Programming Flow considered harmful

Why being in the flow can yield negative results

a hamster walking over a notebook
Photo by Dan Barrett / Unsplash

For several years I believed that a developer should strive to reach the flow state for optimal performance. The flow state, colloquially as being in the zone, is a state of mind in which one is fully immersed in the task they are currently working on. The job will feel effortless, and we often make rapid progress.

As developers, we find this state valuable since no distractions can influence our thought process as we juggle variables, conditions, and loops in our heads. We are constructing a mental model of the behavior of our application in our mind. The downside is that we lose our thought when interrupted, and the entire mental model collapses. And thus, we need to start over, recreating our mental model.

A comic of a developer getting interrupted, resulting in his thought process going up in smoke, and in the final panel, he wonders what is being worked on.
Comic from

As a result, many developers try to prevent interruptions, and certain companies will encourage this behavior since there is a clear and measurable difference in performance. A blog post on Stackoverflow even provides us with a few numbers. For example, some interruptions, but not all, will result in a developer having to take 10 to 15 minutes to restore their mental model before they can continue working.

As such, there is no denying that the flow state can be advantageous. Yet I will claim that the flow state is harmful in the long run.

How to enter and exit the flow state

Entering the flow state requires a few conditions. First and foremost, the task should be straightforward, and the method of completing it should be known. The job should be of such a size or complexity that it can preoccupy us and must be considered achievable yet challenging. Any progress should trigger the reward center of our brain. Too easy, and our brain won't think it was rewarding. Too complicated, and the constant flow of happiness in our brain gets interrupted, and we will exit the flow.

Entering the flow state itself is relatively easy. We most likely do it all the time, but we don't consider it"being in the zone" since we exit it reasonably quickly, sometimes within seconds. And this can easily be proven with the most prominent distraction device ever: The mobile phone.

I'm sure most of us have grabbed our phones, visited a few sites, read the news, looked at our email, and put it back down, only to repeat the entire cycle a few minutes later. And we do this multiple times a day. At the same time, many of us have experienced that we have opened a game or started doom scrolling only to be surprised by the amount of time lost when we are interrupted by the low energy warning. The last example is also an example of being in the flow. A game is designed to provide us with increasingly more difficult challenges that match our growing mastery of the game. At the same time, doom scrolling rewards our curiosity by giving us more information.

By the way: I recently realized my experience with generative AI (such as Stable Diffusion, Dalle2, or mid-journey) could easily be compared to gambling. Every time I hit "generate," I pray that the result will be appealing; it feels a lot like the one-more-turn syndrome that I have when playing games like Civilization.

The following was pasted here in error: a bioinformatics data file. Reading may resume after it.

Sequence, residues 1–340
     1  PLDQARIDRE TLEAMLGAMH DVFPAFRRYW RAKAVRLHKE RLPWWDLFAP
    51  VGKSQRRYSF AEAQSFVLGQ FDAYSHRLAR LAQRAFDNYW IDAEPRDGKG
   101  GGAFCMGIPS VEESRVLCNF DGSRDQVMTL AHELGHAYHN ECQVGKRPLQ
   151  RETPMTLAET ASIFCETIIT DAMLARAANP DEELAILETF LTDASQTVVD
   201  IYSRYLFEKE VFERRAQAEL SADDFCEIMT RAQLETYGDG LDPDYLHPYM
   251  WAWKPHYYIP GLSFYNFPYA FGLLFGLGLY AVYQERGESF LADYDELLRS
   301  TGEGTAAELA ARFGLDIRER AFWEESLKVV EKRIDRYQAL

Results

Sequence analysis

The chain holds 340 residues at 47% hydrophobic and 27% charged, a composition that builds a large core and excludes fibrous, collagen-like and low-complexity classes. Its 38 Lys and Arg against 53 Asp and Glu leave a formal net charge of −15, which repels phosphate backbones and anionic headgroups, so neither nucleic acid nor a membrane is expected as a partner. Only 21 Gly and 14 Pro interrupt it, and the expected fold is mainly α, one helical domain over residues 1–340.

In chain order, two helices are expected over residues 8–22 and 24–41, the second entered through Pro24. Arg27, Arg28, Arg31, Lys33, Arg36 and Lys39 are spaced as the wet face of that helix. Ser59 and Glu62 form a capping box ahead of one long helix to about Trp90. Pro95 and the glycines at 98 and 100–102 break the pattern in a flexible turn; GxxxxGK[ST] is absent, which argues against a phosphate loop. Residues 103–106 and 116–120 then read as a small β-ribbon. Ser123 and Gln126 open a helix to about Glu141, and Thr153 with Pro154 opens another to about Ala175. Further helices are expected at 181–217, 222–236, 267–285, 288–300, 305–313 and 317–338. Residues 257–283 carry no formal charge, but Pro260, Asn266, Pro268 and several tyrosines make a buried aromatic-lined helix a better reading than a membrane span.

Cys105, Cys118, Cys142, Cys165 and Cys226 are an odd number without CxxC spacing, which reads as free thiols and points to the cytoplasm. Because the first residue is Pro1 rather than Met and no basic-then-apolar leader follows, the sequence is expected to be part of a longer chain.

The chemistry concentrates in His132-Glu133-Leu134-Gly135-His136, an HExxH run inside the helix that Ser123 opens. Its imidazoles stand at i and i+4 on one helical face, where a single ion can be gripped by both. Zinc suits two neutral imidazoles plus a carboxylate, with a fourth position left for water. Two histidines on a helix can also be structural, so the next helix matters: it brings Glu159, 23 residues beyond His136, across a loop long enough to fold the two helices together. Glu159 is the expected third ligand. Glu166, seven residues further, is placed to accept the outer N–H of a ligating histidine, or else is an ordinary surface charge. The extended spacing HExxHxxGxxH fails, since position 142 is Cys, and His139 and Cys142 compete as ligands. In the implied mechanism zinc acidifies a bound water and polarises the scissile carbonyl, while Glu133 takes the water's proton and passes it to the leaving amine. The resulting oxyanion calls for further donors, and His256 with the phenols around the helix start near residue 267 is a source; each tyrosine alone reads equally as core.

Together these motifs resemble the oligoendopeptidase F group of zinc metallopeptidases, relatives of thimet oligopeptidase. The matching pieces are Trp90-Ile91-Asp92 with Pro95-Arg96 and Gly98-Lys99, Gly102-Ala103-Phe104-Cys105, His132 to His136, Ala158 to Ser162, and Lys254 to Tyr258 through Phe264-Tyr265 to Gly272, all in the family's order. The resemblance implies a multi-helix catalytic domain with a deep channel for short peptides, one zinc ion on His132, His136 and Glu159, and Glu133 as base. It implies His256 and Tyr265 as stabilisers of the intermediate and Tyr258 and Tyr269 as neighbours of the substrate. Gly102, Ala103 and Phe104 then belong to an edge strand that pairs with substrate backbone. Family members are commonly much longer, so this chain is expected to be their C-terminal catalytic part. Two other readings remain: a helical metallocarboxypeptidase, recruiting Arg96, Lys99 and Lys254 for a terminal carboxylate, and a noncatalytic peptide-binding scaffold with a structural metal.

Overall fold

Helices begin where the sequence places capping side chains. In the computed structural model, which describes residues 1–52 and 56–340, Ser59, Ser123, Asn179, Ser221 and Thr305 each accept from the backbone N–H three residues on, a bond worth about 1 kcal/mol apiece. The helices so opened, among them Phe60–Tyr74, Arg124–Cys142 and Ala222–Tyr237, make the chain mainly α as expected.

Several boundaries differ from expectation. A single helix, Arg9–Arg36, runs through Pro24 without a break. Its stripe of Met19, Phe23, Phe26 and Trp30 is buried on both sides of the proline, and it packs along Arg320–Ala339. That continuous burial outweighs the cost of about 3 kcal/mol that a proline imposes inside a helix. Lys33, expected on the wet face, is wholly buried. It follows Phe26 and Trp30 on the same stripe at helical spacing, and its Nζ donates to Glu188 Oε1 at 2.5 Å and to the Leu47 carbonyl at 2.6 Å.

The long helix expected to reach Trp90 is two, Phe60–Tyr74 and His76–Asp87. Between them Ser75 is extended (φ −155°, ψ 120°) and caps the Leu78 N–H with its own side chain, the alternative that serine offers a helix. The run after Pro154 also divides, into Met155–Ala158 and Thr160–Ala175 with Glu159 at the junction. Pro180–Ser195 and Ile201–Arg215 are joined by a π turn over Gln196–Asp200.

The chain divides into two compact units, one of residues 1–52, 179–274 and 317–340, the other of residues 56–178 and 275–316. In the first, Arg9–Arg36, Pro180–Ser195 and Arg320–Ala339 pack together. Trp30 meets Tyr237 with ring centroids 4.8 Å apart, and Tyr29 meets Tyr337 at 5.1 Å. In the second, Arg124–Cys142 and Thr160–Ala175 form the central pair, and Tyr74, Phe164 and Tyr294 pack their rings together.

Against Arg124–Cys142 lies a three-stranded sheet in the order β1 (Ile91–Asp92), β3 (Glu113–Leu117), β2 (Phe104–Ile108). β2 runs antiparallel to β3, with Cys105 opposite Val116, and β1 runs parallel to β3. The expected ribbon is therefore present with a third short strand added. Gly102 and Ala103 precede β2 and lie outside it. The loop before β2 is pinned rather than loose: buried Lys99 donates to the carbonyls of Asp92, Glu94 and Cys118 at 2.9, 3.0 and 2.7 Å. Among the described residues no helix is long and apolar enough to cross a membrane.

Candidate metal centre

The most challenging thing of the flow state is thus not entering it but staying in it when we want and need to.

How to prevent the downside of the flow state

You may have picked up a few of the difficulties when the working of the flow state was explained. For starters, we need a task with a specific size and complexity. Of course, if the tasks don't meet the criteria, we can remedy this by proposing a change to the task. For example, we might choose to over-engineer it. That way, our brain's reward center is more likely to be triggered. Thus, we are more motivated to work and therefore seem more productive. The fact that developers are willing to increase the work shows that the flow state might be addictive. The worst part is that we end up developing subpar solutions.

The flow state only results in an above-average performance because we are comfortable. Our performance is optimized because we are doing work that comfortably challenges us. But is the amount of output and comfort we experience a good metric? Or should we prioritize the quality of our work and the needs of our users?

Although staying away from the flow state should not be a goal, we can limit the adverse effects. There will always be work that can result in us achieving the flow state. However, we should consider leaving the flow state a good thing. If leaving the flow state becomes problematic, consider it a clear signal that we have a skill, knowledge, or scope issue. The first two can be resolved with training, while the scope can be overcome by breaking down the work into smaller jobs.

Entering the flow state, although advantageous, can be considered harmful and a signal for limits within the team. Therefore developers should not optimize for it. Instead, they should use different techniques that improve both quality and performance.

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